They didn’t waste any time. The first seven ranges of townships in southeast Ohio, around Marietta, were surveyed by 1786 for a syndicate of Massachusetts speculators called the Ohio Company; from there the sensible new pattern took off, overcoming all resistance. Rare exceptions to the grid would persist in many places: the Scioto valley in southern Ohio, most of Kentucky and Tennessee, the old French and Spanish-settled areas in Missouri and Louisiana, parts of coastal California and eastern Texas, and such anomalies as Big Rock Township in Kane County Ill., near Chicago, where Welsh settlers bought land communally and distributed it among themselves in the 1840s. Everywhere else, even in the Rocky Mountains where a three-dimensional nature would seem to laugh at surveyors’ lines, America submitted to the confident geometry of its new masters. [Exceptions to the grid: in parts of the nation settled before 1785, the old surveying method of metes and bounds is still in use; here, streams, old roads and monuments such as trees or boulders can serve as boundaries, and distances are measured and aligned with the use of a compass. This area includes all of New England, and parts of New York, Pennsylvania, New Jersey, Maryland, Delaware, Virginia, the Carolinas, Georgia, Kentucky, Tennessee and Texas. Wherever it is in use, surveyors note it gives rise to considerable confusion and litigation.]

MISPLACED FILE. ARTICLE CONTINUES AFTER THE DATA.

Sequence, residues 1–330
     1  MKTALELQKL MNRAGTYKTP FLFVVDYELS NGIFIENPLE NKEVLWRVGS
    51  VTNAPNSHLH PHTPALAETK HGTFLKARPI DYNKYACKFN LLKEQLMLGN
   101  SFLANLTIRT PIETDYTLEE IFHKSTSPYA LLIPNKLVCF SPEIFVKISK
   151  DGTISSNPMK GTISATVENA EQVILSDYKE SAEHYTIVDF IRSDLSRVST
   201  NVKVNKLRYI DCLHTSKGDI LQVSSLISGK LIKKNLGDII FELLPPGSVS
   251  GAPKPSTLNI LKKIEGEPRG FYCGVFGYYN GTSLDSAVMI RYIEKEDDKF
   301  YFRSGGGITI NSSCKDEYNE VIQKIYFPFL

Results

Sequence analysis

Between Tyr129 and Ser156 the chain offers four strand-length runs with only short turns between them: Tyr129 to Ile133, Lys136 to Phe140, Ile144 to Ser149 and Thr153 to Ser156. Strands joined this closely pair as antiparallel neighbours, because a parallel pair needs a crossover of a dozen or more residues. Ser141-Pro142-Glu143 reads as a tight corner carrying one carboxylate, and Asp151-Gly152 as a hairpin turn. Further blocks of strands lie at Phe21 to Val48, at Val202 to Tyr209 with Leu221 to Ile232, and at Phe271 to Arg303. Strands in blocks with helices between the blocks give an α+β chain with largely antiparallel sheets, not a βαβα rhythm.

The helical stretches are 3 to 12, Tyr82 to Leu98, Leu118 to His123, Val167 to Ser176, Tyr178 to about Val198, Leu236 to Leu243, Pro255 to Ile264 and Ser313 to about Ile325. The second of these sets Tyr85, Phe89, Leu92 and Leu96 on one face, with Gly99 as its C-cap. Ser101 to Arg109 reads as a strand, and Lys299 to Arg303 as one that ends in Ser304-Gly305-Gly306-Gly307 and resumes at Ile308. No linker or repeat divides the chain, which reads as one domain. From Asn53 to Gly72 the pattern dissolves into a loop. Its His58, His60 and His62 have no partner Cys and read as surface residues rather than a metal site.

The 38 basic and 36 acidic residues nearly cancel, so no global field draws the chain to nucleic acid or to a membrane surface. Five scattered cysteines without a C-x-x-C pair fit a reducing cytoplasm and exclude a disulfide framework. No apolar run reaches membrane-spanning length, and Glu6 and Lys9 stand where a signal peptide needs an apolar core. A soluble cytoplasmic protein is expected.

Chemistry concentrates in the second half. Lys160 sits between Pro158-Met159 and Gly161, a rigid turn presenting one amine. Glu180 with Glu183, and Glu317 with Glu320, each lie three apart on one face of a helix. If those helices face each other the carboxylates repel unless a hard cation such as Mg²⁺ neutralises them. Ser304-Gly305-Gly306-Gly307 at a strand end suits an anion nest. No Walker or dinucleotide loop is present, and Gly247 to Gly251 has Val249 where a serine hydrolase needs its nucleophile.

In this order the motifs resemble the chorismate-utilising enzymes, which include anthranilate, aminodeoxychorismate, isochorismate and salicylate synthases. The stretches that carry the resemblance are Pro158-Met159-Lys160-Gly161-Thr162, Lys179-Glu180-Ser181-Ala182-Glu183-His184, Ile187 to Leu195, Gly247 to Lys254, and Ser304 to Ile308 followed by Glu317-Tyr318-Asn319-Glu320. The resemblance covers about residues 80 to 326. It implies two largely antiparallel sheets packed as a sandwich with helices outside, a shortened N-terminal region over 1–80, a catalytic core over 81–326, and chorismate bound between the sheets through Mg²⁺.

Not for the last time, America had made a decision that favored individual liberty at the expense of community. The adoption of the grid marks the beginning of a divide between government and organic reality that continues to this day. Throughout the world, previous efforts at colonization had been based on the founding of cities, from the Greeks and Romans to the Spanish lands in the New World settled under the Law of the Indies, not to mention the religious experiments and royal proprietors of British North America. Now, a system was in place that made the earth a blank slate; the villages, towns and cities of the future would be left entirely to chance and speculation. The settling of the west would proceed on separate, parallel tracks: land was distributed to families by a process governed from Washington and shaped by the National Grid, while towns and main roads grew up freely and organically; the two systems never really meshed.